You’ve been stuck at a certain point in your career and feel that now is really time to get that next promotion. The recession is over, you’ve been doing everything expected of you, and you’ve polished up your self-brand credentials at LinkedIn and at your firm. So, what should you do next?
According to Alexia Vernon, writing for Careerealism, there are 6 things you can do:
1. “Under Promise And Over Deliver — With many companies leaner than they were several years ago, there are probably many internal voids. You want to identify and then fill them. I recommend looking at how you can informally be of service; for example, ask your supervisor or team members how you can step in and support them.”
2. “Be An Intrapreneur — An intrapreneur is someone who uses an entrepreneur’s mindset, relationships, skills, and behaviors within an organization’s four walls to develop new, innovative ways of working, new products, or new services. By launching a new venture within your company’s four walls, you may just create your new position. And when you succeed, you will have evidence of your leadership experience.”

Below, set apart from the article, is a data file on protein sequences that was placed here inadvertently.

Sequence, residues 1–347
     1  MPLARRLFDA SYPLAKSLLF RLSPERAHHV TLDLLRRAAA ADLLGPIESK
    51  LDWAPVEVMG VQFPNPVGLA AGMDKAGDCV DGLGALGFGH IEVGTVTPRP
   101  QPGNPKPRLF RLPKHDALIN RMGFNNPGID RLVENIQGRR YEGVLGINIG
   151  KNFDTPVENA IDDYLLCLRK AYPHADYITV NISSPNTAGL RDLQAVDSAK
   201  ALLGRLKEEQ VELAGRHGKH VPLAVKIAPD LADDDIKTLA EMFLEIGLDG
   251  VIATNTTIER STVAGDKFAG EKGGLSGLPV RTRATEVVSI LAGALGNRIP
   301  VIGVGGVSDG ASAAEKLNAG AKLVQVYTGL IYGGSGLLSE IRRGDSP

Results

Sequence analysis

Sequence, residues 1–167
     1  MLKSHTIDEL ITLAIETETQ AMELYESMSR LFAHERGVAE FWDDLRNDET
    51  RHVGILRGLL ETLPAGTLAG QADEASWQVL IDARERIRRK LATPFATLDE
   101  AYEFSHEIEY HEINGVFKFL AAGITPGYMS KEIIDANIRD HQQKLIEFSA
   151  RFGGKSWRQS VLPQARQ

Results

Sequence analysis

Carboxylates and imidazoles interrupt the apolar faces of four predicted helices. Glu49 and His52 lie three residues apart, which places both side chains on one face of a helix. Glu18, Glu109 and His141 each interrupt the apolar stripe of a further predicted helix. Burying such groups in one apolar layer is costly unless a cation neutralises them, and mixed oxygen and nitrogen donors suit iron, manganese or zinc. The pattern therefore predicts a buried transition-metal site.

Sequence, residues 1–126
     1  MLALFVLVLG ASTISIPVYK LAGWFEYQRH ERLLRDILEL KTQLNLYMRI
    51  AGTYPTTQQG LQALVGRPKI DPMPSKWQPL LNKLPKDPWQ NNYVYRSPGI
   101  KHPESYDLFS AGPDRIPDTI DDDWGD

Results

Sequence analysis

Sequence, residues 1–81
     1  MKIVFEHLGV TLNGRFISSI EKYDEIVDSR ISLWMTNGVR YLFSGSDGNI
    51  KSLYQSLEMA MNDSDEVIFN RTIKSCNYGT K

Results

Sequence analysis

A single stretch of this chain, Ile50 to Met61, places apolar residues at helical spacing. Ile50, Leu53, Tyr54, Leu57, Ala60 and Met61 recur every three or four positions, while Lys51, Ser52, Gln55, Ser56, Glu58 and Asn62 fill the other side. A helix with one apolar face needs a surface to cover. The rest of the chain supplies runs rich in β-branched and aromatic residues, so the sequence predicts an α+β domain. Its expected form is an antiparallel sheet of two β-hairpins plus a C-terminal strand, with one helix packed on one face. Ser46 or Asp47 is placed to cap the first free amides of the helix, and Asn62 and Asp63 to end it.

3. “Get Your Internal Networking On — It’s important to develop mutually beneficial relationships throughout your company. To put yourself in line for such an opportunity, set the time to get to know all of your colleagues. Be curious about their work and opportunities they foresee on the horizon.”
4. “Balance Short and Long-Term Thinking — While it’s important to stay on top of your chief responsibilities and accountabilities, you also want to have an eye towards how your work plays into the bigger picture. Get clear on your department or organization’s one, two, and even five-year goals and work with your supervisor to make sure that how you are spending your time and energy is moving you — and the company — in the right direction.”
5. “Zap Negativity — People want to work with happy people. And let’s face it, right now too many workplaces are seas of persistent complaint. Senior leaders also want emerging talent who see opportunities rather than obstacles.”
6. “Ask — This might sound obvious, but I can’t tell you how many people know a position is open in their companies and fail to self-advocate for themselves or hope that a supervisor will read their minds and make them that offer they can’t refuse. This is particularly important for women. Men initiate these kinds of conversations about four times as often as women!”